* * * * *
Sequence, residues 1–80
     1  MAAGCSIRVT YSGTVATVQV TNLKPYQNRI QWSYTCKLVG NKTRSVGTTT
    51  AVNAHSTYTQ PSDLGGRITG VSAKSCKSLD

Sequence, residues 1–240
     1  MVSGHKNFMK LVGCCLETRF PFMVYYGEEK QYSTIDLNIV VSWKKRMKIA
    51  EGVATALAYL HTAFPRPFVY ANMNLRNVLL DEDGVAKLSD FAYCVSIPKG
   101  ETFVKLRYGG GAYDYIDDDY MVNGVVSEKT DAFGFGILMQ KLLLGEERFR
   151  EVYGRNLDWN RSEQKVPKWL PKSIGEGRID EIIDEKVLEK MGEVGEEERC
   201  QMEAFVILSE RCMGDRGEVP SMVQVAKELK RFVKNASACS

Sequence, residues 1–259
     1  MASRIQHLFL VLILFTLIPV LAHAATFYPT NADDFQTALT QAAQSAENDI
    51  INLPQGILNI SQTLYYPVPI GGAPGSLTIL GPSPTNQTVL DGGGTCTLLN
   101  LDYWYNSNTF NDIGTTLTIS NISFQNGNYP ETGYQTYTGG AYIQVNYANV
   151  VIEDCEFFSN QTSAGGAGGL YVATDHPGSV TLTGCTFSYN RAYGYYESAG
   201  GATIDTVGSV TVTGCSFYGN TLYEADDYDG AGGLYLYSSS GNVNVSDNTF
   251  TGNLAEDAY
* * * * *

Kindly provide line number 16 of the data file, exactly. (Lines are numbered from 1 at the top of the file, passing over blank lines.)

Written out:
   251  TGNLAEDAY